The exhibition showcasing works by famous Russian landscape artist Arkhip Kuindzhi in Moscow’s Tretyakov State Gallery turned into a crime scene on Sunday, Jan. 27, after a painting was stolen. “Ai-Petri. Crimea” was pinched in broad daylight from under the noses of the museum’s workers and visitors. It was only after checking the CCTV that security realized the painting was actually missing.
The alarm was raised and the police blocked the exits and searched the visitors, but to no avail. By the morning of Jan. 28, it became clear that the thief had fled the scene in a white Mercedes - the authorities hunted him down and he was detained in a village in the Moscow Region. While being questioned the suspect denied stealing anything or breaking the law, and claimed he didn’t remember what he was the day before. Nevertheless, the police have already found the painting (undamaged) on a construction site.
Thomas Crown would be proud. The Tretyakov Gallery is one of the biggest art museums in Russia and is supposed to be well-guarded. Yet it seems the thief managed to get around security pretty easily. A man “dressed as a museum worker,” as Telegram channel “Museum snob” reported, simply took the painting from the wall, hid behind a column while removing it from its frame, and left. According to the police, his accomplice was waiting in a car outside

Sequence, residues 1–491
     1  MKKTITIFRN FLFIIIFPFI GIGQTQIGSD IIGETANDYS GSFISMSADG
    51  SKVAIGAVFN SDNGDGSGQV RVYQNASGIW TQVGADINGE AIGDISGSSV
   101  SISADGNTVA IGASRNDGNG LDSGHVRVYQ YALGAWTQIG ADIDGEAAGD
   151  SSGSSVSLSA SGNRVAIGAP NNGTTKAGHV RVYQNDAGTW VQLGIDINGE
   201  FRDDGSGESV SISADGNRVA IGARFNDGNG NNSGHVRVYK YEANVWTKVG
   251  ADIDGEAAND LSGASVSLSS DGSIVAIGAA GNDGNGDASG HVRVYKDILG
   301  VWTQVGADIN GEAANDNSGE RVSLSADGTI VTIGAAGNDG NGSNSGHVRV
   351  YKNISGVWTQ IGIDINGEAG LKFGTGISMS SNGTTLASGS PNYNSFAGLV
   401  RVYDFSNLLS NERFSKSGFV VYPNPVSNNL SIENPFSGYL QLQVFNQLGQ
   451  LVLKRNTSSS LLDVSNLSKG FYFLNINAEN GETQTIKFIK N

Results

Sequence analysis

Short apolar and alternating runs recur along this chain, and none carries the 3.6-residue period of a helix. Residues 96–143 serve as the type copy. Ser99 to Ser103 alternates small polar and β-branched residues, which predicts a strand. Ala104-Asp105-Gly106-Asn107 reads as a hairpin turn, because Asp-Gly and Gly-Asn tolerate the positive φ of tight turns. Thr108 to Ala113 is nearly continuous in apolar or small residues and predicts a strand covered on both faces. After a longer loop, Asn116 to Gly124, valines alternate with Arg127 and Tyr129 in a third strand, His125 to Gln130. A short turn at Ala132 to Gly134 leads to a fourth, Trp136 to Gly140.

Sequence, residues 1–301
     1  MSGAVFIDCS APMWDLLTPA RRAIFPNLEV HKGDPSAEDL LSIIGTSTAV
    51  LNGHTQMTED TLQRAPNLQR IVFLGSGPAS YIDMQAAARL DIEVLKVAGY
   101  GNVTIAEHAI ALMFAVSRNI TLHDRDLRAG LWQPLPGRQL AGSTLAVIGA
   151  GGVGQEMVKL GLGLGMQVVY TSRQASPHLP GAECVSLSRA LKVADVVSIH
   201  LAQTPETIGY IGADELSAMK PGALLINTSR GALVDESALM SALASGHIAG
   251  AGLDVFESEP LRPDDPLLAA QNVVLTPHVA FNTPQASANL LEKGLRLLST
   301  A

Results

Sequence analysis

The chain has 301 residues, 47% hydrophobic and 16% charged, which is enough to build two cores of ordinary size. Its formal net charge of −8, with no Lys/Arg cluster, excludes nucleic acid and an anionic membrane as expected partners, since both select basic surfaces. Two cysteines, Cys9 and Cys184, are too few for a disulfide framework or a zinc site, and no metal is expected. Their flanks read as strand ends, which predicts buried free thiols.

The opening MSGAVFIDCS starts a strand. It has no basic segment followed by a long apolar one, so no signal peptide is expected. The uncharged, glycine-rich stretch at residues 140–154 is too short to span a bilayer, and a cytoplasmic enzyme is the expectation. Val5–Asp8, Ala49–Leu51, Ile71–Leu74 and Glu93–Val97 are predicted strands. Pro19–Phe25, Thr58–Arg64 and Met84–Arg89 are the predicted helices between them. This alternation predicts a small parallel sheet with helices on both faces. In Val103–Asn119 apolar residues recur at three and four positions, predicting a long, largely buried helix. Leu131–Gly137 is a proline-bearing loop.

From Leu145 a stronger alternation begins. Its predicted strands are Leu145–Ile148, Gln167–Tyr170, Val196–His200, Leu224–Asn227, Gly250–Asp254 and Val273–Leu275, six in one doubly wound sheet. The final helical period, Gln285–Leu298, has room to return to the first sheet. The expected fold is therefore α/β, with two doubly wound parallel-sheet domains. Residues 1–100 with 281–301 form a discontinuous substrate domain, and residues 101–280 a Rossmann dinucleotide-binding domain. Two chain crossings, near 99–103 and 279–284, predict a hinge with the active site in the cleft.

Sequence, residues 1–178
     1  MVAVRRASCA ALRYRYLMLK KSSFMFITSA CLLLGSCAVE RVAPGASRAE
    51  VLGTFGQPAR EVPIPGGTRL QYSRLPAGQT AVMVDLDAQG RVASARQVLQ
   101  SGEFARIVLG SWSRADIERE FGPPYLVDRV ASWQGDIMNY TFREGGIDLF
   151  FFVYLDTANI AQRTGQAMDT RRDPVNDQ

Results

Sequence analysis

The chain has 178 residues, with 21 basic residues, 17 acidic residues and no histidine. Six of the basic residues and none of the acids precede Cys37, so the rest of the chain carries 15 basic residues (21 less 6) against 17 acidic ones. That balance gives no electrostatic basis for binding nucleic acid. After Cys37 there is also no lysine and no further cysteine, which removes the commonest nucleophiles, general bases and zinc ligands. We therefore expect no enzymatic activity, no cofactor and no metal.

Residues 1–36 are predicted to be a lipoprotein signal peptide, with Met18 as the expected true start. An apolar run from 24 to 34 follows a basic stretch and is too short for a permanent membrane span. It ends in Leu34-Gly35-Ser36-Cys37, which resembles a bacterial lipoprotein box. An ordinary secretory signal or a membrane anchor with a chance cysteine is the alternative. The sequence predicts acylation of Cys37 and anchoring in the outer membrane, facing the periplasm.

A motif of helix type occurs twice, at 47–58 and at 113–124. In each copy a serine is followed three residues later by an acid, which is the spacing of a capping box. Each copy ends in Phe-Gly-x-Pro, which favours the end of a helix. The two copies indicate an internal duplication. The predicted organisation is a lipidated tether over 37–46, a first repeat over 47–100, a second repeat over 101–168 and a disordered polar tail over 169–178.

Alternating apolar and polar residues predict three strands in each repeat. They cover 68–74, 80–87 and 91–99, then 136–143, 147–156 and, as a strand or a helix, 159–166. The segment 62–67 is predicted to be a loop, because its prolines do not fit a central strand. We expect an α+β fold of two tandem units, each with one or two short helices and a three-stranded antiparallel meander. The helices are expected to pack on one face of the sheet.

Arkhip Kuindzhi.Public domain
Arkhip Kuindzhi (1842 -1910), an artist of Greek origin, was one of the finest Russian landscape-painters. He’s known for creating brilliant scenes drenched in incredible light. “Creating the illusion of light was incredibly important to him and no other artist could be compared to him in terms of achieving this effect,” famous Russian artist Ilya Repin said about Kuindzhi.
He had a tough yet fruitful life: he tried to enroll at the Imperial Academy of Arts three times before joining a group of socially-oriented realist artists known as the Peredvizhniki (Wanderers). He was both praised and criticized for his extravagant work with light, and from 1881-1901 took a 20-year-long hiatus, not presenting a single work.
"Ai-Petri. Crimea"museumsnob/ t.me/Global Look Press
“Ai-Petri. Crimea” was painted during the 1890s and 1900s. It depicts one of the most picturesque mountain ranges in Crimea, daubed in various shades of blue. Far from being the most famous or expensive among Kuindzhi’s works, it’s still quite valuable and is insured for around 12 million rubles ($181,000).
The exhibition still goes on: the Tretyakov Gallery stated in a press release that security measures have been tightened in the museum. Meanwhile, the painting is being used as evidence as part of the ongoing investigation.
The theft wasn’t the first incident to hit the Tretyakov Gallery recently. On May 25, 2018, a drunk man hit Ilya Repin’s painting "Ivan the Terrible and his son Ivan, November 16, 1581" with a metal pole, causing serious damage (the restoration process is yet to start).
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